REGION — More than 2 million Californians have filed for unemployment benefits as a result of the COVID-19 pandemic, prompting Republican lawmakers to urge Gov. Gavin Newsom to temporarily suspend Assembly Bill 5, known as the gig-worker bill, in an effort to ease growing economic uncertainty.
Assemblyman Kevin Kiley (R-Rocklin), who has actively worked to repeal AB 5 since it was signed into law in September, has requested the governor use his authority under the state’s Emergency Services Act to issue a moratorium on the union-backed initiative.
“I’m very strongly urging the governor to suspend the law,” Kiley told The Coast News. “I’ve supported the way Newsom has handled this crisis — taking the right steps and putting the public interest first. I hope he sees an important piece of that is to remove restrictions from those working at home.”
Since January, Kiley has started an online petition, hosted a “Rally to Repeal AB 5,” and has co-authored two bills, AB 1928 and AB 2075, with Assemblywoman Melissa Melendez (R-Lake Elsinore), seeking to repeal, delay or modify AB 5.
While Kiley has applauded Gov. Newsom’s handling of the coronavirus pandemic, the Sacramento-area legislator believes the current health crisis only adds to the urgency of suspending the state’s worker-classification bill.
I commend @GavinNewsom’s strong actions to mitigate #COVID19. He should now use his powers under the Emergency Services Act to suspend enforcement of any law that makes it more difficult for people to work remotely or for healthcare workers to provide care. This includes #AB5. pic.twitter.com/rAoYV1TWMW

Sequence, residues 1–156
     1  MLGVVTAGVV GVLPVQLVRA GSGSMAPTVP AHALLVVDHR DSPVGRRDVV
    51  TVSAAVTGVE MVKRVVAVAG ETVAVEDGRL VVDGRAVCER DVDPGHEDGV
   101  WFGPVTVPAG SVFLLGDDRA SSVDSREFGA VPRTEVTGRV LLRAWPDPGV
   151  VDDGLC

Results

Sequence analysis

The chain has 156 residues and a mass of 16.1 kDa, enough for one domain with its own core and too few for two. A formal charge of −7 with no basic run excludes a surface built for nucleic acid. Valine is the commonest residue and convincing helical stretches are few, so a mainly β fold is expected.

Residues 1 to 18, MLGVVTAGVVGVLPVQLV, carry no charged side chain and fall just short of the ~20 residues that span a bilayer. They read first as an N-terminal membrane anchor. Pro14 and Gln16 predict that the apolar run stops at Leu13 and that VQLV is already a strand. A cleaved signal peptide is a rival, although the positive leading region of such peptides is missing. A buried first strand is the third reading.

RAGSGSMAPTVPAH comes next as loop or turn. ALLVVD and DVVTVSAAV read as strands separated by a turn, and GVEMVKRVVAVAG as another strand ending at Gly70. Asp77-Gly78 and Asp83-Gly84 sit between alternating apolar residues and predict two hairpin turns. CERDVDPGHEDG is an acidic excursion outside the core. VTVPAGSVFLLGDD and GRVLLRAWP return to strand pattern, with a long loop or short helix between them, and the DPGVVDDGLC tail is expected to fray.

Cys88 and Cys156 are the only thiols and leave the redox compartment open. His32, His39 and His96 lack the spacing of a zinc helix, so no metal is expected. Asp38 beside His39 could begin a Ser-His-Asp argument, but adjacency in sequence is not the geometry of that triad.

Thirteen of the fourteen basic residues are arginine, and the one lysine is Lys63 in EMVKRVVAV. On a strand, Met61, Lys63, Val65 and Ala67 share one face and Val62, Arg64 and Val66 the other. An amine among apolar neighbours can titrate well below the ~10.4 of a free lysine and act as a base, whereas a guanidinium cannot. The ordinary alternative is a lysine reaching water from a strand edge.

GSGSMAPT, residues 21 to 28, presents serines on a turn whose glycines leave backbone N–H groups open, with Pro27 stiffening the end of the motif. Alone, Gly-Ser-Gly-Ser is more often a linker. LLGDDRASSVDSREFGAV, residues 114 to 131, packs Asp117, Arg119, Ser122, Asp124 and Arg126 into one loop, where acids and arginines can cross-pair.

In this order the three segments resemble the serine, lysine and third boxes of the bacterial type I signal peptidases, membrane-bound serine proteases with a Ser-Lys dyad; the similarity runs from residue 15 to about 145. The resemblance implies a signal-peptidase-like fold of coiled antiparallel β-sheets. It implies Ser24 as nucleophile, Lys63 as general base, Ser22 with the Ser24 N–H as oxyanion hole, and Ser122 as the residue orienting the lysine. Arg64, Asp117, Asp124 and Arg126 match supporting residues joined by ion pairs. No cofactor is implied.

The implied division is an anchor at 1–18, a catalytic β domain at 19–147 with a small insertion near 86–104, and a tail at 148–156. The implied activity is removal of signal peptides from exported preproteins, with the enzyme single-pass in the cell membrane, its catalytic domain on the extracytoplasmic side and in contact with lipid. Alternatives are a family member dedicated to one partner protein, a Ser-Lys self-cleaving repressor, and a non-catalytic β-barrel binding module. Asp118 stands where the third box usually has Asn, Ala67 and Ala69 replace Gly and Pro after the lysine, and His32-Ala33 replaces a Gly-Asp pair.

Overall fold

— Kevin Kiley (@KevinKileyCA) March 12, 2020
“This is a double-whammy for freelance workers,” Kiley said, noting independent contractors have lost employment opportunities to both AB5 and coronavirus. “We are in a state of lockdown, yet we have a new law that prohibits (independent contractors) from working inside their homes.”
During an April 9 interview with KUSI News, former Congressman Darrell Issa joined Kiley in calling on Gov. Newsom to suspend the law.
Issa, a Republican candidate for the 50th Congressional District seat, expressed concerns about limiting job opportunities as statewide unemployment levels reach unprecedented levels.
“As soon as we’re past the first medical surge of COVID-19, we’ll need to do everything we can to get Californians back to work and our economy moving again,” Issa told KUSI. “This is going to require all of us rowing in the same direction to turbocharge our economy and that won’t happen if workers are banned from earning a living and job creators and businesses have one arm tied behind their back by AB5.”
House Minority Leader Kevin McCarthy (R-Calif.) voiced support for repealing the bill in a tweet last month, saying, “From the start, #AB5 has crushed the gig economy, leading to many lost jobs for freelancers. As our country continues to navigate coronavirus, Gov Newsom + the California State Legislature must repeal this bill, or at minimum, stop its current enforcement and support gig workers.”